Guarding Against Future Crises In Business

Frank Diana
4 min readFeb 1, 2021


In the early days of 2021, there is still an uneasy feeling involved in any search for a silver lining to the COVID-19 pandemic. Indeed, it may be that this will always remain the case. And yet, without disregarding or minimizing the tragedy that the pandemic has inflicted all across the globe, there are certain potential positives coming to light.

A recent post here quoted from the book Post Corona: From Crisis to Opportunity, specifically echoing that the pandemic has served to “accelerate dynamics already present in society.” This statement is not limited to positive dynamics. But as you can glean from the book’s title, some of the positives present exciting and progressive opportunities — things that, in the long run, we may ultimately observe as the silver linings of 2020.

These opportunities cover all aspects of modern society. For instance, the movement toward remote education could ultimately lead to easier access to educational materials for disadvantaged students; more time at home will likely lead to more sustained focus on home quality and personal wellness. Many of the changes and opportunities we have seen are closely related to business and exploring this further is illuminating.

Specifically, some of the changes and responses to crisis we have seen in business appear more than likely to inspire business leaders to implement certain protections against future crises.


“A blurry mix of work, life, pajamas, and Zoom.” This is how a writer for The Atlantic described the future of jobs after the pandemic, and yet the future of work post-pandemic is largely unknown. Does the end of the pandemic signal a return to work as usual or did the pandemic expose inefficiencies in office-based work, making us rethink public workspace?

The implications of these questions are fascinating from several different standpoints, not the least of which are employee wellness and work-life balance. To guard against crises, it would seem likely that some level of remote work is here to stay, in some cases, as a precaution. The negative impacts of COVID-19 have made resilience and adaptability clear imperatives, positioning organizations for future crises. Remote work becomes an extension of that imperative, a means of limiting vulnerability. It brings flexibility, and in many cases a better fit for our post-pandemic future.

Given the losses, debts, and even legal issues so many businesses experienced as a result of the difficulties of 2020, there is a reasonable expectation that the near future will bring about some structural change aimed at protection for future crises. I described the critical need for large-scale change to structures in a Post from 2013. This type of change requires Catalysts, and the pandemic is serving as just that. That large-scale change is a macro-level view. A more practical application in our current business context could be the likelihood of some businesses restructuring as LLCs. The personal asset protection benefits of this form of business are widely known and appreciated, and as ZenBusiness puts it, are “crucial” to the safety and security of personal assets. Considering losses and even fears brought about by 2020, that safety and security is likely to appeal to even more business owners than it has in years past.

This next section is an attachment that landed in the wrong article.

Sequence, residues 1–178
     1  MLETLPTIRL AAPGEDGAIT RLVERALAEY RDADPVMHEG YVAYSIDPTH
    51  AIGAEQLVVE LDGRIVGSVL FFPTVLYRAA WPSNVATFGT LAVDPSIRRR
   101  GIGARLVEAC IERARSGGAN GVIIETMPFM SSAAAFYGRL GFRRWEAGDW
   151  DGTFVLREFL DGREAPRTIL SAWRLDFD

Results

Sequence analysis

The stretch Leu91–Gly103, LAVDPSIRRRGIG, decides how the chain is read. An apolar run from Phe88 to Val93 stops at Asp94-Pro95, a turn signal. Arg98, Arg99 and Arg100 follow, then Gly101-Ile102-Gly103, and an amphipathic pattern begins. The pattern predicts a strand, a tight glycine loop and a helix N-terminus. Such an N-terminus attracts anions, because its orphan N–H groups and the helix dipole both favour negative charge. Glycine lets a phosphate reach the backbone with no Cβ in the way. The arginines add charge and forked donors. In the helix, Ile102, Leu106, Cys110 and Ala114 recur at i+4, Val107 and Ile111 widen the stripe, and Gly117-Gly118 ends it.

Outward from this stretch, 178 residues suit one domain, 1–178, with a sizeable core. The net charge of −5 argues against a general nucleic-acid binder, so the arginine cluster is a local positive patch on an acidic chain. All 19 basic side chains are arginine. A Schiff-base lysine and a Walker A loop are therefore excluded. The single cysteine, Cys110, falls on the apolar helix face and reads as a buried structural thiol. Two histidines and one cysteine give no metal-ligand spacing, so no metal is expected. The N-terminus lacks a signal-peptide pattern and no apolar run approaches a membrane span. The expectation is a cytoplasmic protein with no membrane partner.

Other practical structural protections may be somewhat simpler, yet also likely to be prevalent in business operations as we ease into 2021. They might involve anything from owners purchasing new insurance policies, setting aside savings for rainy days, investing in more expansive digitization to prepare for remote work, and more. But the broad point is straightforward: Businesses will be altering everything from entity structure to internal operations to establish more resilience.

In a similar vein to the introductory concept of COVID accelerating dynamics that already exist in our world, we are also seeing the pace of digitization in business hasten even more. And this would ultimately be one of the most positive changes to come out of the pandemic — something an article at the World Economic Forum says can “make the post-COVID world a better place.”

In the simplest of terms, the pandemic has already forced businesses of all kinds to adopt certain digital practices more quickly than they otherwise would have. These practices range from new cloud storage systems, to more advanced cybersecurity, to good old Zoom. But through this, business owners have recognized that digitization is now essential to survival and must therefore be embraced as further protection against any potential issues in the future. Digital advancement will therefore become a priority, leading to next generation productivity gains, enabling of life-long employee learning, positioning within emerging ecosystems, growth, and the resilience required for the future.

There are many additional ways in which businesses will change — some of which we can predict, and others will undoubtedly be unforeseen. With these examples, it is easy to see how wide-ranging the changes could be. What is clear is that in responding to COVID-19 and preparing for future crises, modern businesses are poised to strengthen.

Explore other pandemic topics via the links below.

FEATURED: A Post Pandemic Society

Originally published at on February 1, 2021.



Frank Diana

TCS Executive focused on the rapid evolution of society and business. Fascinated by the view of the world in the next decade and beyond